Considering the contacts five of the six authors had with each other, it is also safe to assume that they took note of each other’s literary publications. Von Meysenbug’s and Lewald’s memoirs were certainly mentioned and discussed by the wider public; however, only Aston managed to provoke two of the other authors, Otto-Peters and Anneke, into reacting to her literary endeavours. Aston started to publish political poetry in the Vormärz period, taking the Saint-Simonian’s stance of free love as the path to women’s emancipation. Already infamous in Berlin and beyond for her scandalous behaviour during the years preceding the revolution, Aston set herself even further apart from her contemporaries by creating in a novel a powerful literary woman who broke the mould for acceptable female behaviour in every way. Most of the other authors in this study made efforts to distance themselves from this particular image of a political woman, and even from Aston herself. Otto-Peters attacked Aston and her texts in her political newspaper, accusing her of damaging the efforts other women were making towards legal emancipation by depicting a literary character who seems to forget her ‘natural’ feminine character, and who misuses the upheaval of the democratic revolution for her personal benefit.18 Anneke, on the other hand, came to Aston’s defence, at least up to a point. Anneke unmasked the loudest personal accusations against Aston as based on society’s moral double standard, but did criticise her poetry and first novel with regard to their political content. For Anneke, Aston remained too ensnared in her personal experiences, and did not take the next mental step from demanding individual to demanding legal freedom. In the second half of the nineteenth century, the other authors in this study sought to achieve a literary representation of political women which very carefully avoided both the categorisation of the Bluestocking and Aston’s almost fantastical early attempt. ← 9 | 10 →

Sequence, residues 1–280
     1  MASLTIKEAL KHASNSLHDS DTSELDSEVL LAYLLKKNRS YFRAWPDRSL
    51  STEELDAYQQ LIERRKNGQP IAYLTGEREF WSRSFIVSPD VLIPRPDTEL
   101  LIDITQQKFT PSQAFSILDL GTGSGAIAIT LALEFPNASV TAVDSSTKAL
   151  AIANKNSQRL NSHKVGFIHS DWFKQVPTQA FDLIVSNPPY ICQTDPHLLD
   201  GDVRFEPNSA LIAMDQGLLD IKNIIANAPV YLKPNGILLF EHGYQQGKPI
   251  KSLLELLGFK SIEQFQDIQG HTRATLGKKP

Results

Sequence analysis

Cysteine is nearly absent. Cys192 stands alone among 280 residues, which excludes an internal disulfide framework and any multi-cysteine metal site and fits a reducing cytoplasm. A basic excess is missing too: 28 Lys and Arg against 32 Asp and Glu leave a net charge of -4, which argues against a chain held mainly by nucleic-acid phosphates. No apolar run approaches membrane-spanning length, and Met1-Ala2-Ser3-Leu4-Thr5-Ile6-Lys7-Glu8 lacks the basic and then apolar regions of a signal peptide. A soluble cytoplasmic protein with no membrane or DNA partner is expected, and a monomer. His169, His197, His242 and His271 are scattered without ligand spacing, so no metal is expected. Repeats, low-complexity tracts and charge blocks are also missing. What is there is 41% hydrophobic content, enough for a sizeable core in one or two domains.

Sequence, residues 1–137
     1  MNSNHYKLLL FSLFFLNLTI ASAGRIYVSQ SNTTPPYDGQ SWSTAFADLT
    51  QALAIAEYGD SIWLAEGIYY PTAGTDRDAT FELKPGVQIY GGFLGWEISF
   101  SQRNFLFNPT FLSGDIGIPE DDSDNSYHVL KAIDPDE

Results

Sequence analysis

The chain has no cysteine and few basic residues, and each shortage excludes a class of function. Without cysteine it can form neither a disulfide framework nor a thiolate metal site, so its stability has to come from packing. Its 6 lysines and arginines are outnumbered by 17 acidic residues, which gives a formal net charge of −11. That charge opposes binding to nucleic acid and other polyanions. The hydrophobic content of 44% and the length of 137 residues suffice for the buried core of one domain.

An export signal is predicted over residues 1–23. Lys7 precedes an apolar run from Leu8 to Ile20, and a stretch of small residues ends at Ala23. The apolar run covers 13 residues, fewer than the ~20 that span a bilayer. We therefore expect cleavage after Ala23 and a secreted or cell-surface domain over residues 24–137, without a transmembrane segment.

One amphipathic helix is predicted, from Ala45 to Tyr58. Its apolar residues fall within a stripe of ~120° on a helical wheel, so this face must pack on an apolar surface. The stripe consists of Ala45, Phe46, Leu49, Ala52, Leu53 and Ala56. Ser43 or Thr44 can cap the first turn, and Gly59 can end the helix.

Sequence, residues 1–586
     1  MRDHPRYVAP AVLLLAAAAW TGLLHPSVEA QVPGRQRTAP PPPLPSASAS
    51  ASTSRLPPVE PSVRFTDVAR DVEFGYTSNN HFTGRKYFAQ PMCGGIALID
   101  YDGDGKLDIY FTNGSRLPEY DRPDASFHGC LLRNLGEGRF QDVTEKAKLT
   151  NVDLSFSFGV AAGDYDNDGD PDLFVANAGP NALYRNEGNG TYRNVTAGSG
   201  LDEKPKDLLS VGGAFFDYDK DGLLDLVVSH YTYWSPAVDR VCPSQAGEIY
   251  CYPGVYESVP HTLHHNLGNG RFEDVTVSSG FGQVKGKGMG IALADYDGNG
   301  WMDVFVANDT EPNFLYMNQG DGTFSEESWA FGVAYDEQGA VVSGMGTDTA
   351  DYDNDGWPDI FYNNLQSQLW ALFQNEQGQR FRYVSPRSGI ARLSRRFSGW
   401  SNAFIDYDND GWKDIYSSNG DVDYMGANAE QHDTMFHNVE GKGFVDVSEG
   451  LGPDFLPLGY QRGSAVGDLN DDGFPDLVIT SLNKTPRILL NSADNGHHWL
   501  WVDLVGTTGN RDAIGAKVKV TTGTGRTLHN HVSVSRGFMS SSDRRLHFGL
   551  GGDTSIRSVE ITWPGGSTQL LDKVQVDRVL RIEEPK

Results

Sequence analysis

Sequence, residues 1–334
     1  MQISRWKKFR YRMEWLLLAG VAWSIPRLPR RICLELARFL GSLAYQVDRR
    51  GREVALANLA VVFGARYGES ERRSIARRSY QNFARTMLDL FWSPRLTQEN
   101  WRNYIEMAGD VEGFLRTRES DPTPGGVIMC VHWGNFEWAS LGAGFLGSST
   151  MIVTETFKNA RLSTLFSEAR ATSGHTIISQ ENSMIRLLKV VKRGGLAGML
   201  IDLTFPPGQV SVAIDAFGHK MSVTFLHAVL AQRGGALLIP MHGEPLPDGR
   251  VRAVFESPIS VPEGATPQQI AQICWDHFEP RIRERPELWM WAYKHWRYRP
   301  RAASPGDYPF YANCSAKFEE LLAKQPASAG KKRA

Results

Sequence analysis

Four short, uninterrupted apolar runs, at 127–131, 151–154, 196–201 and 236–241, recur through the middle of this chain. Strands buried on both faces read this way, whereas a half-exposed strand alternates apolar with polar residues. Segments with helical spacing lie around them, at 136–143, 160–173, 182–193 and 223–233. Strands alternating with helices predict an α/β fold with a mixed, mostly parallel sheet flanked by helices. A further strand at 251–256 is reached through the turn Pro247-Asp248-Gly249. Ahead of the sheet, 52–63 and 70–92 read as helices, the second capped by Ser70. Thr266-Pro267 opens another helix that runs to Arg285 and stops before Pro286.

1 See e.g. Barbara Duden, ‘Das schöne Eigentum. Zur Herausbildung des bürgerlichen Frauenbildes an der Wende vom 18. zum 19. Jahrhundert’, Kursbuch, 47 (1977), pp. 125–40, and Karin Hausen, ‘Die Polarisierung der “Geschlechtscharaktere” – Eine Spiegelung der Dissoziation von Erwerbs- und Familienleben’, in W. Conze (ed.), Sozialgeschichte der Familie in der Neuzeit Europas (Stuttgart: Klett, 1977).
2 See Richard J. Evans, The Feminist Movement in Germany 1894–1933 (SAGE Studies in 20th Century History, 6; London, Beverly Hills: SAGE Publications, 1976), p. 24. The association will in the following be refered to as ADV.
3 See Bonnie S. Anderson, Joyous greetings: the first international women’s movement, 1830–1860 (Oxford: Oxford University Press, 2000), pp. 135–36 and 157–58.
4 After Hannah Arendt’s discussion of the polis in Vita activa oder Vom tätigen Leben, Munich: Piper 2010.
- VIII, 260
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- Publication date
- 2014 (August)
- Literary critique Political literature Women movement Feminist literature
- Oxford, Bern, Berlin, Bruxelles, Frankfurt am Main, New York, Wien, 2014. 260 pp.